Gender, Class, and Patriotism: Women's Paramilitary Units in First World War Britain

TitleGender, Class, and Patriotism: Women's Paramilitary Units in First World War Britain
Publication TypeJournal Article
Year of Publication1997
AuthorsRobert, Krisztina
JournalInternational History Review
Volume19
Issue1
Pagination52 - 65
Date Published03/1997
Abstract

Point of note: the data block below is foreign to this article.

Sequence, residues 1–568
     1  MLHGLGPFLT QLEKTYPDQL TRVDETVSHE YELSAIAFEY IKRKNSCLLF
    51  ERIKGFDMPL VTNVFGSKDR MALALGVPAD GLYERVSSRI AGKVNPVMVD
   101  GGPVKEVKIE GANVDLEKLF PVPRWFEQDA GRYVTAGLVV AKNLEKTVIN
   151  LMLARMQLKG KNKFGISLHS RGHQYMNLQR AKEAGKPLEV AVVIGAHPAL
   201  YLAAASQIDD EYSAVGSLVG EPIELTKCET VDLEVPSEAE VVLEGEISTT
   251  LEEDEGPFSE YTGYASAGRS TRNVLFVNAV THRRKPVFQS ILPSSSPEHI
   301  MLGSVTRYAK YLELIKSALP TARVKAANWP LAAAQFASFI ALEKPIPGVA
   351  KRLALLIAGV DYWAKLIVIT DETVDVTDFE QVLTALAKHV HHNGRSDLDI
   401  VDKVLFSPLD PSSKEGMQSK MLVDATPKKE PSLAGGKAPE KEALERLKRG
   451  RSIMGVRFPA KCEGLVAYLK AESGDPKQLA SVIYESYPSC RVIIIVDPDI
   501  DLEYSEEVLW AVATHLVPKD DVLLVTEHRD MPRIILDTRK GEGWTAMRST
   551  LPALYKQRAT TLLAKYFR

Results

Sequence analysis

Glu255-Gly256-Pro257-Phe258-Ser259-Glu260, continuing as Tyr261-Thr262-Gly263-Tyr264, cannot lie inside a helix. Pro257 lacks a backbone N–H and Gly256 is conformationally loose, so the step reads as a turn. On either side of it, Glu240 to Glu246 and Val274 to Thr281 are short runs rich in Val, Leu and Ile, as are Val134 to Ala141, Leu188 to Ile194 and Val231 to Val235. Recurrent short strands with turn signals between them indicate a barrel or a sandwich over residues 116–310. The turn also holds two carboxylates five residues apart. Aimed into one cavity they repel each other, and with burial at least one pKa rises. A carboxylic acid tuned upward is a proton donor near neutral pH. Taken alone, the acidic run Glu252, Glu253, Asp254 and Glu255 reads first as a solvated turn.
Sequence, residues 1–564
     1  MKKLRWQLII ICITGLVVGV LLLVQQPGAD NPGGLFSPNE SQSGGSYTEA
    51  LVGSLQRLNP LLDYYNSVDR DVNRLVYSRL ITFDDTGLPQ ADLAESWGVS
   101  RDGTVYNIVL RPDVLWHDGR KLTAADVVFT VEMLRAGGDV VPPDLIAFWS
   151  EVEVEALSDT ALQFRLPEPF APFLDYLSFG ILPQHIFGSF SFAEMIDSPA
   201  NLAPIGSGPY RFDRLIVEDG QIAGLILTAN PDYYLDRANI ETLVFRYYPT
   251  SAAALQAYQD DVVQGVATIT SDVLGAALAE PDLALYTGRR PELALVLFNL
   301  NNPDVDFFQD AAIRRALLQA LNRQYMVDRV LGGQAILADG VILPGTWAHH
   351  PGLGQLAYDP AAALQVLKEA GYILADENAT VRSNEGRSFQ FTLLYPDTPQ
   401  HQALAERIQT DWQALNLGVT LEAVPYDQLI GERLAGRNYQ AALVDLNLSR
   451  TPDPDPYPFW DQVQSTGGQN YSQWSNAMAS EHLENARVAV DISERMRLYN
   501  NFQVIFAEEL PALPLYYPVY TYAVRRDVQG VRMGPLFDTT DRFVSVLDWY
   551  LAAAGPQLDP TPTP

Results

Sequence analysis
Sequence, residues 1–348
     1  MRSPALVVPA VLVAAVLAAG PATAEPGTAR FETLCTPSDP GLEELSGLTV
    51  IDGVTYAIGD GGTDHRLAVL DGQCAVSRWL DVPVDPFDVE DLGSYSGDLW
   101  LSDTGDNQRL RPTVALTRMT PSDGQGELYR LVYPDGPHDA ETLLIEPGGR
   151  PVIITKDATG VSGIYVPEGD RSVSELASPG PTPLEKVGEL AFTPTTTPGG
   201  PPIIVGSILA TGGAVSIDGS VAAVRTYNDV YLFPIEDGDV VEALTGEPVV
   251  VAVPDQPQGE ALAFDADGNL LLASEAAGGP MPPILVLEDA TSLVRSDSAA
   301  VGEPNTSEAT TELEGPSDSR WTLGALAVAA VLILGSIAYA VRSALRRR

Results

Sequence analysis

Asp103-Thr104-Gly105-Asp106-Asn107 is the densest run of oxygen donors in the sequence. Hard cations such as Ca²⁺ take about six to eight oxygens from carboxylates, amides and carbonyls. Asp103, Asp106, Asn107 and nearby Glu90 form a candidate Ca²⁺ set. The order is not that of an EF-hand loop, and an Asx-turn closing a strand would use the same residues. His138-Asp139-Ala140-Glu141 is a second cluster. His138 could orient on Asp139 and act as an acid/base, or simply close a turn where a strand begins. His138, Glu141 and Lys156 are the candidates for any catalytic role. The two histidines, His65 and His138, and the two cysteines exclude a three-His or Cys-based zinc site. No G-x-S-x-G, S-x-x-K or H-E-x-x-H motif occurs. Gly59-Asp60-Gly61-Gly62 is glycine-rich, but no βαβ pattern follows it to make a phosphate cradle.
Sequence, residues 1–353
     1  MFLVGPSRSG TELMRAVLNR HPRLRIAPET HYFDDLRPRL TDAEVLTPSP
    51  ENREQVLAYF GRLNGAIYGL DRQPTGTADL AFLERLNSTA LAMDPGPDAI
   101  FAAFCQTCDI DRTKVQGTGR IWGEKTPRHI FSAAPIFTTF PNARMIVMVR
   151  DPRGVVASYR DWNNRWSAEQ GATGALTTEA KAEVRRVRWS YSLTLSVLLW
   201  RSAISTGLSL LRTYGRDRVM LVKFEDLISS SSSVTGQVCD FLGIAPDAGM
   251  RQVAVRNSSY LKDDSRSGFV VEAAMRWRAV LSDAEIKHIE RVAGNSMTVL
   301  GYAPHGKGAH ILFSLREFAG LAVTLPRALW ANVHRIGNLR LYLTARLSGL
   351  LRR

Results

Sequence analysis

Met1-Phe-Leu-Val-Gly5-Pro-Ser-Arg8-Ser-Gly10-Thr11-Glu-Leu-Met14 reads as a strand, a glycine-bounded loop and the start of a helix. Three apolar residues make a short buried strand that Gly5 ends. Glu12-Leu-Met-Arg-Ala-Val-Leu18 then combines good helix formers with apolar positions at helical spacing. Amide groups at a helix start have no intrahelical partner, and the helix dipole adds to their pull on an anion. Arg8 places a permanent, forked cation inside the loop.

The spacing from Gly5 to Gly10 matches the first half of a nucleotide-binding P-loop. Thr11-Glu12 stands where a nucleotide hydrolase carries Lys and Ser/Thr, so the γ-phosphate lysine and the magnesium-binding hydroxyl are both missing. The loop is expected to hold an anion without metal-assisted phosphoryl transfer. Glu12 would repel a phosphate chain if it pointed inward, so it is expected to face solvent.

Contrary to traditional interpretations of women's reasons for joining paramilitary units during World War I, which emphasize economic incentives and dismiss patriotic motives, evidence examined here indicates that patriotism was a strong motive, albeit one of several. Never paying as much as other jobs, the paramilitary units attracted members for a mix of reasons: for many working-class women these included working conditions much less severe than those of the factory and undreamed-of opportunities for travel and adventure, while for many middle- and upper-class women, many of whom became officers, service in the armed forces afforded an opportunity to fully utilize education and skills and to contribute to the war effort.

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